In the wake of Citizens United and efforts to stamp out big money in national politics, many folks in Portsmouth worry that big money is trying to influence our local city election.
Former Mayor Steve Marchand, now a paid political operative, is orchestrating a fancy PR campaign pushing a slate of eight City Council candidates. But three of his endorsed “Great 8”– incumbent City Councilors Chris Dwyer, Brad Lown and Eric Spear– were in the 5-4 anti-transparency majority that cast two crucial (Dec. 8, 2014) second reading votes against extending conflict of interest/financial disclosure requirements to the City Manager and land use boards (as the City Charter specifically requires). Asked at a recent forum whether he’d make the city comply with its own financial conflict of interest requirements, Marchand endorsee Gibson Kennedy said a flat “No!” Jack Blalock and Joshua Cyr waffled; Rebecca Perkins said she wouldn’t include the land use boards. Only Nancy Pearson of all Marchand’s endorsees said “Yes.” (Josh Denton, not on his list, was noncommittal).
“With all the turmoil involving financial conflict-of-interest and the police, Portsmouth city government needs more financial transparency– not less,” an observer said. “Who’s paying for this campaign? Is big money trying to transform our city politics? Citizens need to stand up to demand transparency in compliance with our City Charter and local city campaign finance reform so we know who’s financing our local city elections. That’s what this election is all about– financial transparency across city government.”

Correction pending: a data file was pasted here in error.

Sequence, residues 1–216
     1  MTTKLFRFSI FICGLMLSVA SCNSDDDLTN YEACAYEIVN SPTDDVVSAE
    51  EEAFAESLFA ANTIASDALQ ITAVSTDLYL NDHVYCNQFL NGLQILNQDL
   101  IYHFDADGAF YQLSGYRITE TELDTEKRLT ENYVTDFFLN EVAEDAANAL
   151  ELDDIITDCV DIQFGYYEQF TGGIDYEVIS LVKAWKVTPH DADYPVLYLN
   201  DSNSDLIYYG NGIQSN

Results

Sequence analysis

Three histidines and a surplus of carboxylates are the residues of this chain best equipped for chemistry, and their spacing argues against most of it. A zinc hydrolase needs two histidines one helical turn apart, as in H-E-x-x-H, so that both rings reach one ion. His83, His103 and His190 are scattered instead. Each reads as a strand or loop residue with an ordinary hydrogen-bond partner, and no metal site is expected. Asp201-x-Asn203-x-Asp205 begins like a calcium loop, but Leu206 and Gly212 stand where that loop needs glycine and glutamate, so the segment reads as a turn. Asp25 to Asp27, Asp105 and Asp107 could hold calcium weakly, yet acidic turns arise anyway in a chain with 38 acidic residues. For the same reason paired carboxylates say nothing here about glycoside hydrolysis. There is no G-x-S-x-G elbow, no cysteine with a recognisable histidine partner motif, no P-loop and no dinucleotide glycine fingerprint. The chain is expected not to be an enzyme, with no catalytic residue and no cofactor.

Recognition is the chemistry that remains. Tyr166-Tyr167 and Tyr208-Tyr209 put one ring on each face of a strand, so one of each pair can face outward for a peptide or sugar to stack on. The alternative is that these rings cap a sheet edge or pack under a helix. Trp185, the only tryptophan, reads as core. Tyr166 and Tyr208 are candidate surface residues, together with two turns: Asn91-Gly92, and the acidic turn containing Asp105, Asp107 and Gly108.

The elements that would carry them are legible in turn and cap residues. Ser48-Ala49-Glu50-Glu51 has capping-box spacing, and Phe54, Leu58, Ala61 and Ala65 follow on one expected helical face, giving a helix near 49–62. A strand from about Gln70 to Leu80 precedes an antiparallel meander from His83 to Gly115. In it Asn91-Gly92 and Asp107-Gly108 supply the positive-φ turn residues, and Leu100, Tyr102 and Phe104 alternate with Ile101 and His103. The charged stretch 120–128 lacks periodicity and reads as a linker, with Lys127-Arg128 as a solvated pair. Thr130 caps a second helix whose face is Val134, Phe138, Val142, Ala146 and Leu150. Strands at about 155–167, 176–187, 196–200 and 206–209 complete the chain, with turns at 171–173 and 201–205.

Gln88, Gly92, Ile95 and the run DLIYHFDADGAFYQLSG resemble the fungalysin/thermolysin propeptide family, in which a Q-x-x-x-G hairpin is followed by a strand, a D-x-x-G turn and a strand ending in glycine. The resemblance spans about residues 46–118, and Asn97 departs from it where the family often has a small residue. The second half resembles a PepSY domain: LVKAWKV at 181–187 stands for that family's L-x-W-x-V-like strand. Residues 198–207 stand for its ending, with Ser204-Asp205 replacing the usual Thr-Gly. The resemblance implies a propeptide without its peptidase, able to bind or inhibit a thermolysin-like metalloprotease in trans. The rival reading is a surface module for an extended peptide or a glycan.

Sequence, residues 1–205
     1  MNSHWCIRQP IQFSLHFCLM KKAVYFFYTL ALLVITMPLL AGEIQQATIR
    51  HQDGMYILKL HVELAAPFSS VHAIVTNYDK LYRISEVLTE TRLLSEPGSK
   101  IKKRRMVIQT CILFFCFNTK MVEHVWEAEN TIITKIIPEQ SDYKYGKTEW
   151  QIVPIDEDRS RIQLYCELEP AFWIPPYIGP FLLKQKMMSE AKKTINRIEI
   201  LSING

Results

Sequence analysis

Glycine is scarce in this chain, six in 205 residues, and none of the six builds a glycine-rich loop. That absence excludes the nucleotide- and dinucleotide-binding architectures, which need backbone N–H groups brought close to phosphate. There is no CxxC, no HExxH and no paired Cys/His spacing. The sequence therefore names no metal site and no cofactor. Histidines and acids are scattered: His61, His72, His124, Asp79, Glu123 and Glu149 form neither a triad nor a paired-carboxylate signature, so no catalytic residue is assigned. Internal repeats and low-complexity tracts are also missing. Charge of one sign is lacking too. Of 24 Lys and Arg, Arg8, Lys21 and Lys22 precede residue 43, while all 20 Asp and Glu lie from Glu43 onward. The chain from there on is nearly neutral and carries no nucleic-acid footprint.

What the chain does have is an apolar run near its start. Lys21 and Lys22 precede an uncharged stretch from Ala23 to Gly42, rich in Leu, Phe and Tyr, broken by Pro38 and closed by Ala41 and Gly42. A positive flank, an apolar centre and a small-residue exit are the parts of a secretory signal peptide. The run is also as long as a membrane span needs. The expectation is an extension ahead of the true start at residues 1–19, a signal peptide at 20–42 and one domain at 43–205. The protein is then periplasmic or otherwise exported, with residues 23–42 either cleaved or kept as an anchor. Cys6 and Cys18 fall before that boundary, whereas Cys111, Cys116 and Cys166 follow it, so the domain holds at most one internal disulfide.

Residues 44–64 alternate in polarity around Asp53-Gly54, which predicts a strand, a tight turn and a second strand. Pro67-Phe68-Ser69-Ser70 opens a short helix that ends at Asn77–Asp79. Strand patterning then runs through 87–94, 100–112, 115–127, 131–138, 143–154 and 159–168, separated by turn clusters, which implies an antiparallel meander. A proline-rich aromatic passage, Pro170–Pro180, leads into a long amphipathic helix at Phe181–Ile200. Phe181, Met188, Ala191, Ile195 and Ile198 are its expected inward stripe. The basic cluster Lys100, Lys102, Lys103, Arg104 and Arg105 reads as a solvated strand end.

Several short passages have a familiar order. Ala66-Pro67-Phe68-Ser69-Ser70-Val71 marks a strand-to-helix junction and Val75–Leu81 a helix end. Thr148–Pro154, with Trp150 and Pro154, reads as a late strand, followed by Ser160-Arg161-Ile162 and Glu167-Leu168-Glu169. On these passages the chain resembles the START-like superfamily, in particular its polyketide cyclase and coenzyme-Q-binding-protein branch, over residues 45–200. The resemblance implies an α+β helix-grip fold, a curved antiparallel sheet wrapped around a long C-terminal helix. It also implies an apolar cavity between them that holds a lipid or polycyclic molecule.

WHY ISN’T THE HERALD TELLING US?
Marchand—a paid political and PR strategist who offers his contacts and expertise to commercial real estate and other clients– sits on the Portsmouth Herald’s Community Advisory Board and the Chamber’s Government Affairs Committee. Because the Herald is endorsing candidates, many feel that’s a conflict of interest for the newspaper at the very least. Meanwhile, One Portsmouth, Marchand’s website, describes what it’s doing as a “grassroots” campaign. But these days, so-called “astroturf” PR campaigns also mimic grassroots efforts on behalf of paying interests. “Who is financing this ‘grassroots’ campaign while unpaid grassroots efforts that we know are real like the Association of Portsmouth Taxpayers and Portsmouth Now! and a bunch of earnest, hardworking citizen volunteers come under attack?” objected the local observer. “Campaign signs and mailers are expensive. Who is paying all the bills?”
The Portsmouth Herald, now owned by a giant corporate hedge fund that owns hundreds of American newspapers, has a near-monopoly on Portsmouth’s daily news menu. But it has been just about silent on these questions. “The newspaper should look itself in the mirror and demand financial transparency across our city government– not just the police,” the onlooker said. “It should also report the facts. Will the Herald give city voters information about the financing behind a City Council campaign orchestrated by a Herald board-member it obviously has access to? Or will the city’s lone daily newspaper let city voters go to the polls lulled by sunny PR but uninformed about what’s really going on?”